Written by Mr. Crumbs
Aight ya’ll. You asked for it. We shared with you a picture of a new bread recipe on Facebook and Instagram last week and you responded – no, wait – you demanded that we share the new recipe with you.
With some spur of the moment decision making (a.k.a. choosing between butter or peanut butter while taste testing), recipe refinement (a.k.a. eating more bread) and editorial calendar shuffling (we had to push back the rosemary sea salt flatbread), we proudly present:
This bread recipe is so easy, even a man can make it. It was, after all, developed by one!
It’s just as easy (if not easier?) than the No-knead Overnight Artisan Bread, which many say is the easiest bread in the world.
And if you doubt me and say “baking bread is too hard” or “I’m scared of yeast,” I’m here to tell you that this loaf is your new best friend (and here’s a beginner’s guide on using yeast).
Why is 90 Minute Man Bread so great?
For starters, there’s no refined sugar. It’s sweetened with honey and has a tasty hint of coconut oil.
A healthy bread recipe developed by a man who once survived on Doritos and soda? Proof that picky eaters really can switch to real food!!
Next up, you can treat yourself to this ginormous, football-sized loaf of delicious goodness in just 90 MINUTES. That’s a quick rise, little effort, and yum-o in your belly in no time.
Finally, this recipe was a complete accident. Which means it’s highly unlikely you can get it wrong. Perfect for the novice cook, or fellow husbands out there.
It’s crusty on the outside, soft on the inside. When we pulled the first loaf out of the oven, Mrs. Crumbs and I were like, “Holy moly! That is one huge loaf…. wonder if it’s any good?”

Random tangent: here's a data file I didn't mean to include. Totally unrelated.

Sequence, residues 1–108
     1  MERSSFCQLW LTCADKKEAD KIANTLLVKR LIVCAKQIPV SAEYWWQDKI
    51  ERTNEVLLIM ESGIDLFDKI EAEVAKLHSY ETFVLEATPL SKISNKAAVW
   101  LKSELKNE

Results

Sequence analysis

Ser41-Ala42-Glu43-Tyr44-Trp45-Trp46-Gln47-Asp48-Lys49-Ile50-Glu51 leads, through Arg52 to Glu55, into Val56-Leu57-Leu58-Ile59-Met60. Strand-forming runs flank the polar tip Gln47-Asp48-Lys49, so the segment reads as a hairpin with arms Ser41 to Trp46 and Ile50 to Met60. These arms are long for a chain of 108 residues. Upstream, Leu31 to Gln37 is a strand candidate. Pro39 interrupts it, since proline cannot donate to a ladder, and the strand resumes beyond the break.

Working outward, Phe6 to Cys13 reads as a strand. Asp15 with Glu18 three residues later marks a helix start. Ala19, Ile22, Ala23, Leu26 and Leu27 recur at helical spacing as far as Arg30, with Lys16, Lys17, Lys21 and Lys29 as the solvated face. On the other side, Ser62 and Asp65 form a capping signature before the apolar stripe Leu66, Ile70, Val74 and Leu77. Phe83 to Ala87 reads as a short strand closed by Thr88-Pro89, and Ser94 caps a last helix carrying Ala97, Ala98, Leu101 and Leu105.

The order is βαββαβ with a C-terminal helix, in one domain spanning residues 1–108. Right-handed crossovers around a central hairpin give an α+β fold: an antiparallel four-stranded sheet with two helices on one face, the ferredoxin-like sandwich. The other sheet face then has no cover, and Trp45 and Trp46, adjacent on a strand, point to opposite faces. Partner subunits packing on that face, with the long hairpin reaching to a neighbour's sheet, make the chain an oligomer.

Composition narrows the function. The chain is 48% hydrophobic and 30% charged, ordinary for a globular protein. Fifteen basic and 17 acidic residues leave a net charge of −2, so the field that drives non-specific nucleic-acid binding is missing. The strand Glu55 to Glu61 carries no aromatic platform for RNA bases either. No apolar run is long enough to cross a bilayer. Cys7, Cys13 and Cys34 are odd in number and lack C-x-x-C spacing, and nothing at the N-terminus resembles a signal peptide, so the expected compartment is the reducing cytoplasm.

Well, I’m going going out on a limb by saying this may be the BEST and easiest sandwich bread we’ve ever made. At first bite, we rejoiced.
Despite its size, it holds up to the hacking of a knife and smearing of butter and peanut butter very well. Granted, we love our Potato Bread, Maple Oatmeal Bread, Rosemary Olive Oil Bread (and more) – but this is just SO much easier!
Even funnier: we’ve made 3 loaves of this stuff in 2 days.
The first was obliterated by the family with a couple sticks of butter. The second loaf was used for grilled sandwiches.
The third was a final test loaf to ensure we could replicate this recipe and that it wasn’t too good to be true. I’m eating that one as I type this.
Cutting the Man Bread
Making this recipe will likely yield a Joe Montana-sized football-loaf-of-bread. Which means cutting it can be awkward. Here’s how we do it:
- Cut in half.
- Take one of your halves, and cut into slices. Trust me, the slices are plenty big for your sandwich. These are man-sized slices.
- Smear with lots of butter.
Additional Tips for a Successful Loaf of Man Bread
If you don’t have bread flour, you can make your own. Add 1 Tbsp vital wheat gluten to 1 cup of all-purpose flour. You can also use up to 50% whole grain flour in lieu of bread flour or all-purpose flour. I haven’t tested more than 50% whole grain flour personally but check the comments below to see if someone else has tried this successfully.